- by Mary Stearns-Montgomery
- in More
If you relocated to Georgia with your ‘significant other,’ a Georgia court may find that even though the two of you never had an official ceremony or obtained a marriage license, he or she may still be your “husband” or “wife” – and entitled to all the benefits and burdens that come along with the title.
Recently, in Norman v. Ault, No. S10F0874, the Georgia Supreme Court emphasized that despite the statute that discontinued ‘common law’ marriages created within Georgia after January 1, 1997, Georgia courts still enforce ‘common law’ marriages “established under the laws of another state.”
The case involved Debbie Jean Ault and James A. Norman, whom, at least according to Debbie, had entered into a ‘common law’ marriage in Alabama, before they relocated together to Georgia.
Details of Common Law Marriage Case in Georgia
Though they never officially married, in her case against her former beau, Ms. Ault sought a “divorce, alimony, and an equitable division of the parties’ assets and debts.” At trial, Debbie presented evidence that the parties had cohabitated (during which they shared a bedroom and split the household chores), had publicly referred to each other as the other’s “spouse,” and had engaged in sexual relations exclusively with one another. At one point, it even appears that a deed had been executed, in which property was conveyed to Mr. Norman, his daughter, and his “Wife, Debbie J. Norman.”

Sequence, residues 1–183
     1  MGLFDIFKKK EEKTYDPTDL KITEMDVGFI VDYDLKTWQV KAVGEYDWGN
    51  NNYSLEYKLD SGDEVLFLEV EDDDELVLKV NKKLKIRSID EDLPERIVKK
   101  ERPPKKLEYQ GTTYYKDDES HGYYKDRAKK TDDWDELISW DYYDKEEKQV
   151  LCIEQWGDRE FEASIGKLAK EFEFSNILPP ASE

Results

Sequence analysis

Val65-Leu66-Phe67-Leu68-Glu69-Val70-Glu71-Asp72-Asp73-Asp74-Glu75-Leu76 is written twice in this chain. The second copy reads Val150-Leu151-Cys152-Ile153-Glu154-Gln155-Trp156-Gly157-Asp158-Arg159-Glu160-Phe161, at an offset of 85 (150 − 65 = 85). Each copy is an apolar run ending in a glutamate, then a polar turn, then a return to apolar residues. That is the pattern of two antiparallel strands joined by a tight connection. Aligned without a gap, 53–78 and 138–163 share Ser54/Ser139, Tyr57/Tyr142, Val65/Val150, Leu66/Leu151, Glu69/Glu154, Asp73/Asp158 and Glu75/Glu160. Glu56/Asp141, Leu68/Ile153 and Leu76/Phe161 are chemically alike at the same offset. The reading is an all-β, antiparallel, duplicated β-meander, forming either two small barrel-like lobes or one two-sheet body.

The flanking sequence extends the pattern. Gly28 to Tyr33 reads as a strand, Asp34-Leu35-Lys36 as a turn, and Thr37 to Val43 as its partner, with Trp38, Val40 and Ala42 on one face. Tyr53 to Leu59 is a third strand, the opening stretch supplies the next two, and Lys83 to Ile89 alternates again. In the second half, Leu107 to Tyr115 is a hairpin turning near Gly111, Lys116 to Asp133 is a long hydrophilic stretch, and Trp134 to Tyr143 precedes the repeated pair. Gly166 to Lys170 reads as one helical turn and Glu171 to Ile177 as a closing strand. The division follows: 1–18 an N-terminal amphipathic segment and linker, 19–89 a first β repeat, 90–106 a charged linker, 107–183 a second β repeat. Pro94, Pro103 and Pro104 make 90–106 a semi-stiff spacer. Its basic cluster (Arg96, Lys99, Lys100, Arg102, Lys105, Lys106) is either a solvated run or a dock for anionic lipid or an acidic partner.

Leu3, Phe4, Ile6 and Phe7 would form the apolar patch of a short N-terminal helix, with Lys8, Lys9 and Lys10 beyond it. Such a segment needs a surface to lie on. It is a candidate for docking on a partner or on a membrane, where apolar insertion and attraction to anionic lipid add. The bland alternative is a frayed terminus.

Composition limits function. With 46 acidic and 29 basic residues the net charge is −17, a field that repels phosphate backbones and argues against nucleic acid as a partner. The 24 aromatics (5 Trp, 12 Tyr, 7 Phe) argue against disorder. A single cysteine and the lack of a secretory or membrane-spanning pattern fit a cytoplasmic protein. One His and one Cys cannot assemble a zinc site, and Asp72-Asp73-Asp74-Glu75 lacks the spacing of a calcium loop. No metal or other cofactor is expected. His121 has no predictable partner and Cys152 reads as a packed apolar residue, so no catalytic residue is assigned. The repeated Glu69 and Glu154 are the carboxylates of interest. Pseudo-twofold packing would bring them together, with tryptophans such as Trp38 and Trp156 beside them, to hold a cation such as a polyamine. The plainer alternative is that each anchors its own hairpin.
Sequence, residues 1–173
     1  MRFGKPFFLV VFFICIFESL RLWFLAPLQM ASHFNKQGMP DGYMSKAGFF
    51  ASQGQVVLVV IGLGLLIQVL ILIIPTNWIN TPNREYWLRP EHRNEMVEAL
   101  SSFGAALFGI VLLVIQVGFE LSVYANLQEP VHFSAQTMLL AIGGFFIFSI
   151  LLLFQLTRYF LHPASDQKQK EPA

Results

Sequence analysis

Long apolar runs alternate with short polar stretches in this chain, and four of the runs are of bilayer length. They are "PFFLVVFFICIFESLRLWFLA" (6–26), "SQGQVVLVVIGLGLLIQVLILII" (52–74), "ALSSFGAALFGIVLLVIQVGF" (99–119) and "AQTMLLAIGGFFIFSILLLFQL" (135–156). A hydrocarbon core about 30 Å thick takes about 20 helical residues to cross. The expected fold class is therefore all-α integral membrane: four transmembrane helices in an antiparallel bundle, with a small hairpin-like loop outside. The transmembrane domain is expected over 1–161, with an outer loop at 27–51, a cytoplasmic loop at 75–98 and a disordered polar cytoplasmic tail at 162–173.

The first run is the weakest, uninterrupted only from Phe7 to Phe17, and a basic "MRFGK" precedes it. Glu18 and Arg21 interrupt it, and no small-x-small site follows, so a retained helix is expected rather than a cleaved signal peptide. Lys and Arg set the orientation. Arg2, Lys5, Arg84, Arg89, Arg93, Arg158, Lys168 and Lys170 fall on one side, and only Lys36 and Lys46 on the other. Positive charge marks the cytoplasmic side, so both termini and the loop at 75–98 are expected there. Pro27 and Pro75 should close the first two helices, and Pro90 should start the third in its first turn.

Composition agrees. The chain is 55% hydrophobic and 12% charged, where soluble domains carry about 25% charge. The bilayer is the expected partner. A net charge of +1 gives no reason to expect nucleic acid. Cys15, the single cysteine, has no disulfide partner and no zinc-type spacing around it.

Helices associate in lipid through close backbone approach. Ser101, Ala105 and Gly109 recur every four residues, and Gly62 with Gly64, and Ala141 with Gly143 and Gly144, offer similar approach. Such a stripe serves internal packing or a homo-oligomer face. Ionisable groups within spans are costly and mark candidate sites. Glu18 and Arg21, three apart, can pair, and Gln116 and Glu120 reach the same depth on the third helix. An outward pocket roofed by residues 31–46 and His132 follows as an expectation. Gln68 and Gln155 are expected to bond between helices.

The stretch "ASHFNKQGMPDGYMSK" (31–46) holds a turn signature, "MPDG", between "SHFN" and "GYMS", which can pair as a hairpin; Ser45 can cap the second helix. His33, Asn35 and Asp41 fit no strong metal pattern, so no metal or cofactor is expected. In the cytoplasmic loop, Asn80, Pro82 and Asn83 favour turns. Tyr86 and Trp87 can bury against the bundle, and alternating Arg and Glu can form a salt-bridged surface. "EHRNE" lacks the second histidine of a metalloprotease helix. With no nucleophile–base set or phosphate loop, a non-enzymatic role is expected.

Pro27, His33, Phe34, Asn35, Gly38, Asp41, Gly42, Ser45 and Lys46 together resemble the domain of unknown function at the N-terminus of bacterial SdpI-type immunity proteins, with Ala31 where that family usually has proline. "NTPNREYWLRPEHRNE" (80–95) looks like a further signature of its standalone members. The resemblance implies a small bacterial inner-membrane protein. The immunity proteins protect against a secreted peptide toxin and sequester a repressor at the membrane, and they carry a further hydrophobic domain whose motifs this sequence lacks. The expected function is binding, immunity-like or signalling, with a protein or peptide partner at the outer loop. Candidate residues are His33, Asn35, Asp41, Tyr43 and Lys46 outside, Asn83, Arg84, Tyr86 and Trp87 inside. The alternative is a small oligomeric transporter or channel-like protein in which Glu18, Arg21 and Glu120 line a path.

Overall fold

Though James vigorously disagreed that these facts suggested that the parties had entered into a ‘common law’ marriage, the court found that, in light of all the evidence presented that Mr. Norman had, in fact, intended to enter into such a marriage in Alabama. Ms. Ault was awarded $54,000 as lump sum alimony.
Based on Georgia law, if you relocated here from a jurisdiction that recognizes ‘common law’ marriages, you may still found to be in such a marriage. Whether a Georgia court will find that your relationship rises to the level of a ‘common law’ marriage depends on the particular facts of your case and the law of the state/country in which your ‘common law’ marriage was potentially created. Keep in mind that even if you did not relocate to Georgia from elsewhere, you may still have a ‘common law’ spouse if your relationship pre-dates January 1, 1997.
Presently, in the U.S., common law marriages can be created in Alabama, Colorado, Kansas, Rhode Island, South Carolina, Iowa, Montana, Oklahoma, Texas, and the District of Columbia.
Contact one of our Atlanta Family Law Attorneys if you need assistance in assessing your potential rights and responsibilities in light of Georgia’s stance on ‘common law’ marriages.
*Special Thanks to Candice Blain for her contribution to this article*